Our review of the trial court's decision is limited to those arguments which plaintiff has chosen to make in her appellate brief.        The function of all briefs required or permitted by these rules is to define clearly the questions presented to the reviewing court and to present the arguments and authorities upon which the parties rely in support of their respective positions thereon. Review is limited to questions so presented in the several briefs.

N.C.R. App. P. 28(a).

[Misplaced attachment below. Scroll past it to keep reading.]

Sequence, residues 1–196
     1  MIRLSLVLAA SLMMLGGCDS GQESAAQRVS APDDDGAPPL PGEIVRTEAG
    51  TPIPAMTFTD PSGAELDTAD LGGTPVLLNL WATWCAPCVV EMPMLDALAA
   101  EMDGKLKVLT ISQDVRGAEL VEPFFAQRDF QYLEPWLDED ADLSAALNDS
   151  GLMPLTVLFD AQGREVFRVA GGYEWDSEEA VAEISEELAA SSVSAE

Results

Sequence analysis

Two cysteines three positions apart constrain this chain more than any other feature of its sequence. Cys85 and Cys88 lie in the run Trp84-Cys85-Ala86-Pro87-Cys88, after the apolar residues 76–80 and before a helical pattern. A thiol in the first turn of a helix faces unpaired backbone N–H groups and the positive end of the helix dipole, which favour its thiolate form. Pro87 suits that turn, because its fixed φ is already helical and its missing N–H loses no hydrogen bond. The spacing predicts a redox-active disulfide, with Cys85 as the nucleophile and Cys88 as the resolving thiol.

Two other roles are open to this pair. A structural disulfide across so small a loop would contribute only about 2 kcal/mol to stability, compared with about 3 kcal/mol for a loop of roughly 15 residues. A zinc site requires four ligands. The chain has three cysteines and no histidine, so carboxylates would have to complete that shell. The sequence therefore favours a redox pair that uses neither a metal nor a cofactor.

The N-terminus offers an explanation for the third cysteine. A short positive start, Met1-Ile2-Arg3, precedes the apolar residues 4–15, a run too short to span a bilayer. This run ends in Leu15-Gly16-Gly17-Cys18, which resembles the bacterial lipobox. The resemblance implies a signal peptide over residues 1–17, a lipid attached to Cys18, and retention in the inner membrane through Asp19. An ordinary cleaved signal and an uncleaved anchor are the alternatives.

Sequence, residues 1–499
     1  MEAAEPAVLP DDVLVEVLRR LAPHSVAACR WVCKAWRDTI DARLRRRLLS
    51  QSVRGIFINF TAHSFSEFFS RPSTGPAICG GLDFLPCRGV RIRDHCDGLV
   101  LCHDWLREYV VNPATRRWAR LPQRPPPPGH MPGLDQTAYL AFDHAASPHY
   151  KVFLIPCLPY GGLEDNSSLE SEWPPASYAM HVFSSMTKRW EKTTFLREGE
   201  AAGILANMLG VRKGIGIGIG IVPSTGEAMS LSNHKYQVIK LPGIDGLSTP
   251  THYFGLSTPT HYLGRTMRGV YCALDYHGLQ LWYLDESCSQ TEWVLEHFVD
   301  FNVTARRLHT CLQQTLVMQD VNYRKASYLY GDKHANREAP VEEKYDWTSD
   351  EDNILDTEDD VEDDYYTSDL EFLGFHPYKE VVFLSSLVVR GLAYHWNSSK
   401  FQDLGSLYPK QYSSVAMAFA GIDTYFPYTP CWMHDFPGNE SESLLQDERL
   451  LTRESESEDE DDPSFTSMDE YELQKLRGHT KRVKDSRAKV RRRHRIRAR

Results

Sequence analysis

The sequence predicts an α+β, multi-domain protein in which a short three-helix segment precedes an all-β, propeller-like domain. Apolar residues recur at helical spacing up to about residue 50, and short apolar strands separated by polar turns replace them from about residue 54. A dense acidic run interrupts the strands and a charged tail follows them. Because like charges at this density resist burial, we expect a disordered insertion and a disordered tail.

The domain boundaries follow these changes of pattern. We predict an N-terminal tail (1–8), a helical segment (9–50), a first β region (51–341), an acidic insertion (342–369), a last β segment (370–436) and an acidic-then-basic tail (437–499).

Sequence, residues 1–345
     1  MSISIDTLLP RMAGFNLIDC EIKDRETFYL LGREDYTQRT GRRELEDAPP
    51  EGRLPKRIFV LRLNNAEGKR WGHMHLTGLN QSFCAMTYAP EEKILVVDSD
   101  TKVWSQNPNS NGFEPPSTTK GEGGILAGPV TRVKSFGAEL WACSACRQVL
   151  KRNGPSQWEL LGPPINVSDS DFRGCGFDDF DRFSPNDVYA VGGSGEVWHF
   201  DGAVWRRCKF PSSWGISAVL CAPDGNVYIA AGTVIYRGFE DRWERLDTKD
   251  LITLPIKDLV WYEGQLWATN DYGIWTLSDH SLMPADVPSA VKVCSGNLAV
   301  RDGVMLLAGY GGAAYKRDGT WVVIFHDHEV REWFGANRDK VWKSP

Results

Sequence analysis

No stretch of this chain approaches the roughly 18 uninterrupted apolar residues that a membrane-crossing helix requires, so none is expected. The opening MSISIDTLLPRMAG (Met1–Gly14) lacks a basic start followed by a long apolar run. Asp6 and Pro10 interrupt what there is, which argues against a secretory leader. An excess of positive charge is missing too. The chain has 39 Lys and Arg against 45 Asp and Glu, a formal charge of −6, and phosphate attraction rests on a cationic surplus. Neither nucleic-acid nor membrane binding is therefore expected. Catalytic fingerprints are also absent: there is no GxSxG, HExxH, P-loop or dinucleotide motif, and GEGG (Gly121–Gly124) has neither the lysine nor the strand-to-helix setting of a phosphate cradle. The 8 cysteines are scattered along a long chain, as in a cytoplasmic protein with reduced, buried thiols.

Plaintiff's first argument is that her claims for legal malpractice should have withstood defendants' motion to dismiss. North Carolina General Statutes section 1-15(c) (1996) provides,
        Except where otherwise provided by statute, a cause of action for malpractice arising out of the performance of or failure to perform professional services shall be deemed to accrue at the time of the occurrence of the last act of the defendant giving rise to the cause of action . . . .

Plaintiff filed her complaint on 26 November 1996. Her legal malpractice claims are barred unless they are supported by acts or omissions occurring after 26 November 1993.